I have recently shifted to Mumbai, a city I see as a limitless sea of stories – of dreams, failures, survival, success and devastation. However, before I was introduced to it in person, I saw it through the eyes of a man who boasts of five decades in it, who came a dreamy-eyed youth in his twenties to ‘Bombay’, lived the famed glitzy life of Hindi cinema, earned fame and built a fortune, but returned to his roots empty-handed and, worse, into the loneliness and hollow of an old age home.
He is Gurudarshan Singh Josan, a yesteryear actor who I met in Punjab during an assignment for Hindustan Times, and took a shine to him. I met him regularly in the months to come, helping him vent out his pent up emotions for, as he says, “lack of company to talk with is what kills me the most”.
Aged, wrinkled, but surprisingly strong-built and tall, that’s how he looks. Josan joined the film industry in the 60s and swayed with it up and down for many years. His close friends’ list boasted of names such as the famous Mukherjees (Rono, Joy, Deb) and he owned a three-room flat on the Juhu beach. Josan quickly reached immense popularity after essaying a negative character in ‘Tu Hi Meri Zindagi’ (1965), a superhit. However, a family issue led him to give up playing villain and take up character roles, considered far lesser in hierarchy in the acting world.
“After ‘Tu Hi…” I signed one film after another with negative roles, only to return the signing amount a year later as my wife never approved of my negative characters, mainly due to the scenes involving rape or molestation act. I left films but returned five years later, only to realise that popular faces such as Amrish Puri, Ranjeet and Prem Chopra had completely taken over the roles with negative shades. Heeding the advice of film producer Subodh Mukherjee, I took up a character role in his next venture ‘Sharmeelee’. The 1971 film starring Shashi Kapoor and Rakhi went on to become a major hit and celebrate its silver jubilee in theatres across the country. I was again in demand and, for the next decade, there was never dearth of work. I did three shifts a day. Money was good. I was neck deep with work and was enjoying every moment,” recalls Darshan, who also wrote dialogues for a couple of films including 1977’s Haiwan.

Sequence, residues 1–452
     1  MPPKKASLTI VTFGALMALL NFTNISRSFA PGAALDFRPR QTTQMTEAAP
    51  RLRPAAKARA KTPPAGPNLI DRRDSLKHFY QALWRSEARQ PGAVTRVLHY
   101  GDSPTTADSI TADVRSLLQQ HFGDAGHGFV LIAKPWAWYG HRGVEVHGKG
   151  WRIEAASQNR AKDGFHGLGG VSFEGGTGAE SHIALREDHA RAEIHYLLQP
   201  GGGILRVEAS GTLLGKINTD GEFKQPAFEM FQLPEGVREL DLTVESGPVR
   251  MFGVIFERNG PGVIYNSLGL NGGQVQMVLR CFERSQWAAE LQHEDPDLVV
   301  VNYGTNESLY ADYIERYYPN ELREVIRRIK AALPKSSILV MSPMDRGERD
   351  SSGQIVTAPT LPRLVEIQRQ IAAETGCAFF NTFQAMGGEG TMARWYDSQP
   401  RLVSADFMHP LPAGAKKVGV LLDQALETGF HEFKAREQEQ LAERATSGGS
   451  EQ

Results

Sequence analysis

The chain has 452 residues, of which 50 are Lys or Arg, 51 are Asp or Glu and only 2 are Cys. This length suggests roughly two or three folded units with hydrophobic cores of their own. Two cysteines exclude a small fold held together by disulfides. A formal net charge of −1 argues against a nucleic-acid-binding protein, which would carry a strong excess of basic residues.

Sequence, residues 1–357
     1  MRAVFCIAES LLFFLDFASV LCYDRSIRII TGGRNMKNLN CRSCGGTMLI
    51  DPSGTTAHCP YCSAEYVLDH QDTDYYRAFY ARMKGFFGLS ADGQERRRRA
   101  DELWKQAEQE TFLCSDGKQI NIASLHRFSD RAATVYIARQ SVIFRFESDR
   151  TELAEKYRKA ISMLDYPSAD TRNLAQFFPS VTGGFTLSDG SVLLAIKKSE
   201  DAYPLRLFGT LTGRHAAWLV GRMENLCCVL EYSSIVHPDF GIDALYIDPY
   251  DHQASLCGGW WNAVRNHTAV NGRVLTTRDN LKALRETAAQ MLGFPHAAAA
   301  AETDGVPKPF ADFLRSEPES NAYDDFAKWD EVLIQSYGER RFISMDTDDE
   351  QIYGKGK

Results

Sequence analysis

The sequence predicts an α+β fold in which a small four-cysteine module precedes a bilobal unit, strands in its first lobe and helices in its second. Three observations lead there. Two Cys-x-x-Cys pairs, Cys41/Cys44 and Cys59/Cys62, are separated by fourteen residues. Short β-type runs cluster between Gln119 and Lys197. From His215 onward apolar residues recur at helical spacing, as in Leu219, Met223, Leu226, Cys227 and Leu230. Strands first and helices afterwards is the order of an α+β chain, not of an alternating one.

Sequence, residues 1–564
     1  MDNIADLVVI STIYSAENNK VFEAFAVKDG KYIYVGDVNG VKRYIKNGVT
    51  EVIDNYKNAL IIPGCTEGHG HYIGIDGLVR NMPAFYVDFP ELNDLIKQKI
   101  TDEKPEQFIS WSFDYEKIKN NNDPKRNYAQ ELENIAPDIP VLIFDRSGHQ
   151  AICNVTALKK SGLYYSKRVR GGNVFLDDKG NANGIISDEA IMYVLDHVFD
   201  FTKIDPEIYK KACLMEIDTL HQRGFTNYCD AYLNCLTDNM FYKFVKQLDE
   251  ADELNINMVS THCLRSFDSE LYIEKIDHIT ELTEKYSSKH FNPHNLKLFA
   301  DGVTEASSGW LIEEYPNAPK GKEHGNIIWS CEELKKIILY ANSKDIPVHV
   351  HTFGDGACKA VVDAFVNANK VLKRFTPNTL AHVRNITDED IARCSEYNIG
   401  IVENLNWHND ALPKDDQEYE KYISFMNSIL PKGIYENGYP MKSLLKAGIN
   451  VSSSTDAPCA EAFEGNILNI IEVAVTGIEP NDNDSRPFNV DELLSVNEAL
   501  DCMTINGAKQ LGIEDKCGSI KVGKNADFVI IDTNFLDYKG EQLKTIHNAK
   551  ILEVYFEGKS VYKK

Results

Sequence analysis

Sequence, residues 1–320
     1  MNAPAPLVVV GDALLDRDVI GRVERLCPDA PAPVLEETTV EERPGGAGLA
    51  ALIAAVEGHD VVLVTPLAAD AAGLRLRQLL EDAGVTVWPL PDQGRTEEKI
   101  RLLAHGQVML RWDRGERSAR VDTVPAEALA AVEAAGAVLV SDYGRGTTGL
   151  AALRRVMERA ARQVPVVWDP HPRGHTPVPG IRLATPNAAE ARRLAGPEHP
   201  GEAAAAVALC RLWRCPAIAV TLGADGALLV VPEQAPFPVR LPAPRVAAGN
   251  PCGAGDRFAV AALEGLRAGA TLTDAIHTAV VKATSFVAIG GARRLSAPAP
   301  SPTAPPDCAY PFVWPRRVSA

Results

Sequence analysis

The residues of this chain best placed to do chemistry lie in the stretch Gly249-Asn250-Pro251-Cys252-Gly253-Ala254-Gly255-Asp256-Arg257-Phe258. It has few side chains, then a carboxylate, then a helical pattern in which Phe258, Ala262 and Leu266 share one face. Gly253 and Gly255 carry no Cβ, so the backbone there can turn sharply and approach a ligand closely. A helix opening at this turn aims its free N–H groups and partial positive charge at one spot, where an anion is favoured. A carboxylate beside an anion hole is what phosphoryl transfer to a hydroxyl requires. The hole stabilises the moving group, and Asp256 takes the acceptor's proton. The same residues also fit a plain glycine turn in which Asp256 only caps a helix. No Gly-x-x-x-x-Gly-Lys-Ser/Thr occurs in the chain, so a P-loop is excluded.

The result: he went on to become no Bachchan but a considerably successful man, with bank balance, property, and popularity. However, the death of his wife and two children (in separate accidents) spiralled him into depression and led him to what he says “lose my mind entirely”.
So, he simply left the expensive house behind (promptly taken over by his sister’s brothers, he says), squandered away a major part of the savings, cut ties with his friends (friends in film industry, he says, are no more than ships that pass in the night) and moved to his roots – Punjab. “I didn’t know what was happening around me when friends and relatives took away whatever money I had earned,” he recalls.
He imagined he would be taken care by relatives in his home state, but was shown the door to an old age home within months, he tells me.
Any conversation with him involves interesting insights into the city and the then film industry, with impressive names like Raj Kapoor, Nargis, Rajesh Khanna and even Amitabh Bachchan always dropping in casually, much to my fascination.
Today, he earns no money; his savings, that have seen him through for a decade in the old age home, are on the brink of exhaustion. There is some help by the relatives indeed, but he tells me he awaits death.
When I told him about my transfer to Mumbai, all he said was “I will lose a good friend”. When I assured him I will always meet him during regular visits back to Ludhiana, this is what he told me: “I will wait. But do not tell me any stories about that city. It was great to live in. But it’s best forgotten.”